Far From the Sea

By Kath Aspinwall

Until I was ten, every summer, we went to Heacham on the side of The Wash in Norfolk. This was because my great aunt Florence, Aunty Flossie, had a houseboat there. Actually houseboat is a bit of a misnomer. At one time it had been one of about a dozen actual houseboats but as they became older and leakier they had been brought ashore from the small river that now ran behind them and more extensive wooden bungalows had been built on top. Some of the boats had obviously been rather small and flat and were no longer really visible. One, The Victory, had an enormous hull and the house part was accessed by a long flight of stairs. Ours was sort of middling and it was always exciting to creep into the spidery shadows under the veranda to the black boat crouching underneath. When I was very young I once caught a net full of small fish and hid them there to keep them out of the sun. I was very upset later when I went to collect them and found that they had inexplicably died.

I remember quite a lot about those holidays, playing with my King’s Lynn cousins, trying (without success) to catch eels on the river, chasing seagulls, hearing skylarks singing high over head and sometimes finding their nests, small hollows of woven grass, hair and leaves hidden on the ground in the wiry grass. I remember walking over the stony beach in bare feet and paddling in the odd sandy pool. But I don’t seem to have many memories of swimming in the sea, although there are one or two photographs that show that I did. This is probably because a lot of the time the tide was out and, when the tide is out in the Wash, it is truly out. It retreats over the far horizon leaving behind an expanse of brownish wavy sand as far as the eye can see. You spend a lot of your holiday in the peculiar position of being on the coast but far from the sea.

My main memories of actual contact with the ocean are the occasional shrimping expeditions. The small brown shrimps had to be caught when the tide was on the turn so a conglomeration of grandparents, parents, aunts, uncles and cousins would set off carrying two large pulling nets to, ‘catch the tide’. We walked for what I am sure I remember being told was a mile over the sand in search of the far off sea. Every now and then our feet would sink into the blackest and most glutinous of mud. It looked and felt like melted dark chocolate. The older generations told us children that when they were young there had only been pure sand but the efforts to improve drainage in the Fens led to the three big rivers, The Welland, The Nene and the rather wonderfully named Ooze, sweeping all this mud into The Wash to be mixed with the sand.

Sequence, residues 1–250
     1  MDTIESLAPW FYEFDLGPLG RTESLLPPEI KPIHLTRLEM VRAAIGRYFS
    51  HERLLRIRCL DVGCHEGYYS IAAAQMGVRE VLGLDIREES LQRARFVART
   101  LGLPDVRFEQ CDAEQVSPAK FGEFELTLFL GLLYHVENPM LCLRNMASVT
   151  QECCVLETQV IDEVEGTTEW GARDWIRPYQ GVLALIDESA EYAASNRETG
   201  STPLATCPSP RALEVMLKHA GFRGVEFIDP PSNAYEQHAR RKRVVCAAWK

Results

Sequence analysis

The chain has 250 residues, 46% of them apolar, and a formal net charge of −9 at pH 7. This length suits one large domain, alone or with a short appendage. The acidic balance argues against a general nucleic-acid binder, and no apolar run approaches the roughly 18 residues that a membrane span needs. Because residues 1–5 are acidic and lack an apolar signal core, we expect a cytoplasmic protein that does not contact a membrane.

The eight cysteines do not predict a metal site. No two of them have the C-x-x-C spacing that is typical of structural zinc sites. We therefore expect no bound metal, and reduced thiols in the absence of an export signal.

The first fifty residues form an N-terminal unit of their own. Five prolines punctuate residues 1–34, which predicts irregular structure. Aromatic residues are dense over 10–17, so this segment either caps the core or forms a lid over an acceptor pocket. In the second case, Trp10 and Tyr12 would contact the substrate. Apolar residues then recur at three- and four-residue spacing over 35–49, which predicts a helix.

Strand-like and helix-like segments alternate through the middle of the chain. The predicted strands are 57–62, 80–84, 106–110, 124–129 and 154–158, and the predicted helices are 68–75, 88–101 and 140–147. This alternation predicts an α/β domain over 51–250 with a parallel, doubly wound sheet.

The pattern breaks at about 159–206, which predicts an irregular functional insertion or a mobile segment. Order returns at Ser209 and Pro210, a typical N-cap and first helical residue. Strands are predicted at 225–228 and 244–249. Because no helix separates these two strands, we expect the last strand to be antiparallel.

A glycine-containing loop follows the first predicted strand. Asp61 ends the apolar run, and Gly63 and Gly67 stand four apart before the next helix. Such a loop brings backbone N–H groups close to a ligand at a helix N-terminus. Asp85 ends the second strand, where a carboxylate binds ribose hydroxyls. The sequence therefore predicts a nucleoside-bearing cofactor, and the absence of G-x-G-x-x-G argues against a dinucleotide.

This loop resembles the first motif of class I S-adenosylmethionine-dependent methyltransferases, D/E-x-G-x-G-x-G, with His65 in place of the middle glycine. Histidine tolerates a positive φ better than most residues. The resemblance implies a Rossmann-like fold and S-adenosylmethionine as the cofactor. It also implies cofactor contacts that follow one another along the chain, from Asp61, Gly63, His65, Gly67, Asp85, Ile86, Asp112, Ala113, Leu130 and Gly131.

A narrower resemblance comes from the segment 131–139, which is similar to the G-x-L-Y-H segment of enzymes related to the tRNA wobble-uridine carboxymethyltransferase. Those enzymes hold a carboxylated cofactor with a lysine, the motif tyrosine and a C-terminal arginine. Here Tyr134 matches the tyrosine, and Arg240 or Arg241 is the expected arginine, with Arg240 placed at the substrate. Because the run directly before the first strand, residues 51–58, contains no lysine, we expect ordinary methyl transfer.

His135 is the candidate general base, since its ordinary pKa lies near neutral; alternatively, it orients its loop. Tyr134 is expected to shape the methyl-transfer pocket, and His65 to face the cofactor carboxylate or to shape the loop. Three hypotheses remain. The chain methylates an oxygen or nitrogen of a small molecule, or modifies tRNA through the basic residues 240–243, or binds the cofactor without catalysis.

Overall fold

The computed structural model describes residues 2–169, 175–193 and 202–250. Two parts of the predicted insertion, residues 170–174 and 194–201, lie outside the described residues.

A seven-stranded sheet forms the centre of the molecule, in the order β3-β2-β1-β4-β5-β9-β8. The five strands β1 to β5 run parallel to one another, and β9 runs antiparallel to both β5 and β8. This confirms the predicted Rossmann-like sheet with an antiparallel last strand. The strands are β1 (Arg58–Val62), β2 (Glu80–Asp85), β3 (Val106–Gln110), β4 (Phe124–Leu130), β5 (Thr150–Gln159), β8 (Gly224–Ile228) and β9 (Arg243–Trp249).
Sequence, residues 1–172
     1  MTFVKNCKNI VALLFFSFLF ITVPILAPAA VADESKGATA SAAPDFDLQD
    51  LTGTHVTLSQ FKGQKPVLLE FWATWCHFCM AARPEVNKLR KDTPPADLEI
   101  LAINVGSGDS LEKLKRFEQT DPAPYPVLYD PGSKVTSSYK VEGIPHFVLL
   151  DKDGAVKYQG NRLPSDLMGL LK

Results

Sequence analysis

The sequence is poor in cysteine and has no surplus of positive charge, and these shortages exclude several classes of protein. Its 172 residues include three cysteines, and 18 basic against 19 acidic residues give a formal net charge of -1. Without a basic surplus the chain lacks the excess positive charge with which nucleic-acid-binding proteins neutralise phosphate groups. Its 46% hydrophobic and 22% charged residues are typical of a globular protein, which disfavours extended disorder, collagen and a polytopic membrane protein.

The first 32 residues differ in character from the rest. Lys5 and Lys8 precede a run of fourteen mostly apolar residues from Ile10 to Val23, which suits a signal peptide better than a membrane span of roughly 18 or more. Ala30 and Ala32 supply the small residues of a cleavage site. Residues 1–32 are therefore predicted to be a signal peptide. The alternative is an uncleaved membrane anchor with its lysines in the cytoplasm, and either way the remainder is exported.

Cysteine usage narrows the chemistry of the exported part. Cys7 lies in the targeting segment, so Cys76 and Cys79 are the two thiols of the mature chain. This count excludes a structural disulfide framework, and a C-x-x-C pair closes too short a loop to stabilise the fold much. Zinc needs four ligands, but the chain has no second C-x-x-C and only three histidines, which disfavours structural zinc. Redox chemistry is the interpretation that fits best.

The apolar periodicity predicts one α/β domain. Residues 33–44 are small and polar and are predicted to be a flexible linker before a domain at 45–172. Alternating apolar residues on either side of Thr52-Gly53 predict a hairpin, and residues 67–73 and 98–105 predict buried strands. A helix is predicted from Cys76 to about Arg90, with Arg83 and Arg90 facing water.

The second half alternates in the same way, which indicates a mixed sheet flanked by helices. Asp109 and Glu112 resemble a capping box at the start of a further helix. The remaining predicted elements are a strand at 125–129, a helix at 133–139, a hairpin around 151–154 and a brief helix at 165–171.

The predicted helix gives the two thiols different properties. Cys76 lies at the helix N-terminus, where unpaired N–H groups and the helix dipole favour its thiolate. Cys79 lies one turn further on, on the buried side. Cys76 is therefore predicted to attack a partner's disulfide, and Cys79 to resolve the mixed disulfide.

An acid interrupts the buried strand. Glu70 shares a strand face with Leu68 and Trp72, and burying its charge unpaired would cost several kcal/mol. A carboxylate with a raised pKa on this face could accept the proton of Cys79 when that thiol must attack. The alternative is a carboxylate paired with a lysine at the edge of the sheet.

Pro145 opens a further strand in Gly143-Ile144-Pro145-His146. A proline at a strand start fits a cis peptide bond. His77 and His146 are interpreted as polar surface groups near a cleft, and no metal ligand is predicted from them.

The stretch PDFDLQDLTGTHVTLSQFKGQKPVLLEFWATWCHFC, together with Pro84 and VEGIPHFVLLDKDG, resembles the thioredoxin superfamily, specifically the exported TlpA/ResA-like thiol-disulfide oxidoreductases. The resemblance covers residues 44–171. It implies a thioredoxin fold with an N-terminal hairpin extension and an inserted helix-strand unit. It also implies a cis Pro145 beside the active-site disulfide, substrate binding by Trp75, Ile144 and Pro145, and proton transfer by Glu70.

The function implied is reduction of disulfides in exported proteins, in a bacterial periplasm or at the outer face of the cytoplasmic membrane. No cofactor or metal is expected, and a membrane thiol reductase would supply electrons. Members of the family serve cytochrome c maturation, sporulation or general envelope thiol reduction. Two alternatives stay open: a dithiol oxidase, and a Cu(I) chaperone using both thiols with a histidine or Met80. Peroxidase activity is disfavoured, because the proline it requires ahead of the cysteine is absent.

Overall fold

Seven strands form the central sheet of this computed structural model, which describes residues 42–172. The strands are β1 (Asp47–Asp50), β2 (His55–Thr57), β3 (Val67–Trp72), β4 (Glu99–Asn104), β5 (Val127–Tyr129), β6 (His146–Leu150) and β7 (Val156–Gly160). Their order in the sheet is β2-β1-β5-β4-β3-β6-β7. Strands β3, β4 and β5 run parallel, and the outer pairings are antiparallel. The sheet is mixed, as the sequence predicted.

When we at last caught the sea we would all take hold of the ropes holding the nets and tug them energetically round until we had filled our buckets with shrimps. We would then go back with the tide which came in at walking pace and cook and eat them. I remember them to be delicious but that extracting the edible bit required quite a struggle and prickled fingers and that at the end there was an awful lot of stuff left over; heads, shells, legs and bits, all to be disposed of.

I associate my great aunt almost entirely with the sea side. She had a very strange way of speaking which fascinated and puzzled me. It was very breathy high and squeaky. I remember once announcing, ‘Auntie Flossie talks like a cockle’ because I decided that her voice sounded a bit like the sibilant whisper cockles make when they slide themselves back under the sand to hide. She went to Heacham most weekends even in winter but, fortunately, she decided not to go at the end of January 1953 because the new interior sprung mattress she had ordered had not arrived. That weekend there was a dreadful flood in which she would almost certainly have drowned. The houseboat was washed away and damaged beyond repair. Auntie Flossie replaced it with a caravan but somehow none of us ever really took to it. Instead the next summer, aged seventy, she went to stay on the shores of the non tidal Mediterranean, swimming there for the first time. This adventure was more unusual for septuagenarians then than it would be now. I wonder how it felt to her to have her first holiday in which she was never very far from the sea.

Read more about Kath HERE

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